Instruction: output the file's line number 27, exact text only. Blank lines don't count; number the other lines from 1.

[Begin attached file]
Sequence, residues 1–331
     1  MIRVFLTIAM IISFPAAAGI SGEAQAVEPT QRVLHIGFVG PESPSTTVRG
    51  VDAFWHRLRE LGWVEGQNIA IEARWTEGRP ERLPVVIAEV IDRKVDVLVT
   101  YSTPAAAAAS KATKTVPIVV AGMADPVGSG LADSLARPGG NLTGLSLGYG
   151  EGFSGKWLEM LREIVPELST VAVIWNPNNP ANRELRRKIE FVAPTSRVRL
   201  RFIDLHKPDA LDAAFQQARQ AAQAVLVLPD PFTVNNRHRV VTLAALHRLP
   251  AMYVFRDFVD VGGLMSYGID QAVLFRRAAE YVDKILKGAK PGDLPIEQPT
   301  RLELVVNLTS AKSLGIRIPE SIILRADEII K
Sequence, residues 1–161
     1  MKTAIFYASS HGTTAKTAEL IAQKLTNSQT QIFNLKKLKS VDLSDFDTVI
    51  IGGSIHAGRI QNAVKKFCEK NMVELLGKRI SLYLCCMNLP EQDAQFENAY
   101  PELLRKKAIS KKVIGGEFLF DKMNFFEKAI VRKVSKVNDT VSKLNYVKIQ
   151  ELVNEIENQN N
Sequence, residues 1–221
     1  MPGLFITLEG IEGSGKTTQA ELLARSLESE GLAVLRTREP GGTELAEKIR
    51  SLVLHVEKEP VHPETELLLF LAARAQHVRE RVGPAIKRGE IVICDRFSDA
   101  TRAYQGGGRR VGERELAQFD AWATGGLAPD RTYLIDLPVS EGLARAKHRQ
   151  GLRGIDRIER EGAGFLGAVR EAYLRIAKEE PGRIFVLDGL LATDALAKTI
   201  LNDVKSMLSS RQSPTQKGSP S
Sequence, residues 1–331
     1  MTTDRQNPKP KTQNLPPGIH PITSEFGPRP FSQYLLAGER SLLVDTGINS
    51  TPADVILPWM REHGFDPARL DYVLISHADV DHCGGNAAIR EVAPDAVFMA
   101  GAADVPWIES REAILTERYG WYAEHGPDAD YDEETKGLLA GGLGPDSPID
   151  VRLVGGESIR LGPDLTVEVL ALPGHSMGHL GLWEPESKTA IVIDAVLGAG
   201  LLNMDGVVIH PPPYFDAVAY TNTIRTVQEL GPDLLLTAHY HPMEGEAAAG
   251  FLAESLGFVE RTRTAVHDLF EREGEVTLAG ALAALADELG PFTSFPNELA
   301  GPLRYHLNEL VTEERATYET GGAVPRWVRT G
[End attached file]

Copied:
   301  GPLRYHLNEL VTEERATYET GGAVPRWVRT G